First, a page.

and clicked the Next button.


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You now get the Windows Thank You screen.  Clicked the Finish button.


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Windows will now launch, and you'll be presented with your Windows desktop.


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Step18: Let's launch a browser. As you can see I can get to the Internet.


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This next screenshot, I've launched a terminal window showing I've successfully booted a VM running OpenSolaris on a ZFS root filesystem, along with my WIndows XP VM as well.


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Step19: Now we'll load the Sun's xVM Windows Guest Additions.


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On this next screen you'll be asked to accept the License Agreement. I've checked the appropriate box and clicked the Next button.


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The Sun's xVM Windows Guest Additions will now ask you to choose a location to install the software. for this exercise I will take the default location, and clicked the Install button


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The Sun's xVM Windows Guest Additions will now be installed.


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You'll now be presented with a Hardware Installation dialog window that will tell you the the software you installed for the VirtualBox Graphics Adapter does not pass the Windows logo testing to verify it's compatibility with Windows XP. Read carefully!!  For this exercise I clicked the Continue Anyway button.


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This next screen, you'll be asked to complete the Sun's xVM Windows Guest Additions, by rebooting the Windows XP Guest OS. Check the appropriate box and clicked the Finish button.


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There you go, "A basic Windows XP Guest OS on VirtualBox"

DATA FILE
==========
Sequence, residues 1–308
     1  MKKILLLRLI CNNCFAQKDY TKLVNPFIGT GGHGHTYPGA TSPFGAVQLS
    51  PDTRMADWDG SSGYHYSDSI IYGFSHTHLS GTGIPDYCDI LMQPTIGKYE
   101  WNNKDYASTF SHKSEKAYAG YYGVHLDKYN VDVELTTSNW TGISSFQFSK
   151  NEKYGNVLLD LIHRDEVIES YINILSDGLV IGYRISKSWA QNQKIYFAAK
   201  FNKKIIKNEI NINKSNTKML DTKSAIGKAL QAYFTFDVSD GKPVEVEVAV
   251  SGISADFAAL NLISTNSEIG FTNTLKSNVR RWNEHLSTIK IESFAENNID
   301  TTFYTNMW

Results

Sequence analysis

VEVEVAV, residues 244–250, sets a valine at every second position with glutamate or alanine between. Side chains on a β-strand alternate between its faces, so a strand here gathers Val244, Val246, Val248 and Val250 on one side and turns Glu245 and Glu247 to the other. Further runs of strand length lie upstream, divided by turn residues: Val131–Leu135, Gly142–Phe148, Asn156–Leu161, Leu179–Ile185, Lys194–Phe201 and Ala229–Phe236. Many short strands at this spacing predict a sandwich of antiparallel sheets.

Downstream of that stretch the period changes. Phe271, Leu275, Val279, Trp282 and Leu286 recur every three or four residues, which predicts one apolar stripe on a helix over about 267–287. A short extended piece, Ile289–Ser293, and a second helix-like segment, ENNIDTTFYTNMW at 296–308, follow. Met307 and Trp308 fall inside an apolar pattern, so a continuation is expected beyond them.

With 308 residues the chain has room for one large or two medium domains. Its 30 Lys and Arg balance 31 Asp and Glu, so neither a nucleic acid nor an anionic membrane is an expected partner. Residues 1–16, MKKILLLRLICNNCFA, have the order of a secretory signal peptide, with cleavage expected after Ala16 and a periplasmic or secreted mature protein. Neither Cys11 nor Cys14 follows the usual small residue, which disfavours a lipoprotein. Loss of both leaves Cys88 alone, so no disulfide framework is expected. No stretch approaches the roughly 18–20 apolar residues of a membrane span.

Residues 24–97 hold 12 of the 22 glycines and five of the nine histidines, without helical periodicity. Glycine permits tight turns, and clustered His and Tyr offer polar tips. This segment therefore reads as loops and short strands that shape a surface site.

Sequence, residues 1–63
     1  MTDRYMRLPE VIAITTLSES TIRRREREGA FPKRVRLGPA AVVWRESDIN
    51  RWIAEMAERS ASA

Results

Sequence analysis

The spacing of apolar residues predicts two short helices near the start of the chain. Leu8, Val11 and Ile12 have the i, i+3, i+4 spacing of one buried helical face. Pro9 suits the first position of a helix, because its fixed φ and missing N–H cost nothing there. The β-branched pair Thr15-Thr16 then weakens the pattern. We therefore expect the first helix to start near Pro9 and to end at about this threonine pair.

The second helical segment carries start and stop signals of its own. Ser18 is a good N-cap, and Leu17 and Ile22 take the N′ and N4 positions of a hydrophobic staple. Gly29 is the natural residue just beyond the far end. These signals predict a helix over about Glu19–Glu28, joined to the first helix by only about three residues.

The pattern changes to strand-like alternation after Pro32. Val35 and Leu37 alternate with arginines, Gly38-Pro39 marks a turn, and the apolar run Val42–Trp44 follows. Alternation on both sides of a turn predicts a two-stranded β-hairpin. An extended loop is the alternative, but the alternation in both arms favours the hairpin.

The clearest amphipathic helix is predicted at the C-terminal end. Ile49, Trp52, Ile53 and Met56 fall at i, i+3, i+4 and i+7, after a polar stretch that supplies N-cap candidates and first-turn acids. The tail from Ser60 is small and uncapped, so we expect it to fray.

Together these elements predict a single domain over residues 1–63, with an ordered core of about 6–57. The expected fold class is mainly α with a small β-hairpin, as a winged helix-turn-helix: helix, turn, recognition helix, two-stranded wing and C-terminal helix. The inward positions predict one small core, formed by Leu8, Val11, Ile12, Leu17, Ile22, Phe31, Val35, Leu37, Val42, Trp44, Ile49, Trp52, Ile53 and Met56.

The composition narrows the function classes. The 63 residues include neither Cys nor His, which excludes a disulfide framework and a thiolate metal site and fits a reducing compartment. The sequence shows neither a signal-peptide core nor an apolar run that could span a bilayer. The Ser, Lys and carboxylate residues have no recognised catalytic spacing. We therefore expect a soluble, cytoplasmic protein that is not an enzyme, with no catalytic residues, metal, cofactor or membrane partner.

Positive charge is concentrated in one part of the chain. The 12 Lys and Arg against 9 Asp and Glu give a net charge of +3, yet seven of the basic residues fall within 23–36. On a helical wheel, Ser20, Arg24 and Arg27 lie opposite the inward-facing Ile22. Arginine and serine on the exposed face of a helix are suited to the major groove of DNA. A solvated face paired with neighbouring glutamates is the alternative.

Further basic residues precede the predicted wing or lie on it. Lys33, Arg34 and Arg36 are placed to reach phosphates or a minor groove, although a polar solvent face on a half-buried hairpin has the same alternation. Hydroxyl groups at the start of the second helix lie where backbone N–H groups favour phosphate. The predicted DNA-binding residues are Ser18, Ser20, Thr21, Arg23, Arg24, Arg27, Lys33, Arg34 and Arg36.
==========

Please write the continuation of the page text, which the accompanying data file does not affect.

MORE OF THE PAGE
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Friday May 16, 2008

Exploring Sun's xVM VirtualBox

If you're like most people, when it comes to Virtualization you've probably heard the names VMware or Xen.


There is a new name in town, VirtualBox. VirtualBox


VirtualBox is a family of powerful x86 virtualization products for enterprise as well as home use. Not only is VirtualBox an extremely feature rich, high performance product for enterprise customers, it is also the only professional solution that is freely available as Open Source Software under the terms of the GNU General Public License (GPL). See "About VirtualBox" for an introduction.


Since being acquired by Sun Microsystems, VirtualBox Version 1.6  is the first major release since the acquisition.


Version 1.6, has new host platform support, for Mac and Solaris, as well as new high performance virtual devices, and improved scalability.


VirtualBox also runs on Windows, Linux, Macintosh and OpenSolaris hosts and supports a large number of guest operating systems including but not limited to Windows (NT 4.0, 2000, XP, Server 2003, Vista), DOS/Windows 3.x, Linux (2.4 and 2.6), and OpenBSD.



Well let's give it a look!  In this exercise, I already have VirtualBox installed, and wanted to create two local VM's (local machines). Part I OpenSolaris 2008.05, and Part II Windows XP


Equipment Used:



  • Toshiba M9 laptop
    Intel® Core™2 Duo Processor
    4gb memory


You'll first need to download VirtualBox, by clicking here.


Select the Platform and Language you desire. In my case since my Toshiba M9 laptop has a Intel dual core processor, and running Solaris Nevada Build 87, I selected the Platform OpenSolaris AMD64.


With VirtualBox, you can run unmodified operating systems – including all of the software that is installed on them – directly on top of your existing operating system, in a special environment that is called a “virtual machine”. Your physical computer is then usually called the “host”, while the virtual machine is often called a “guest”.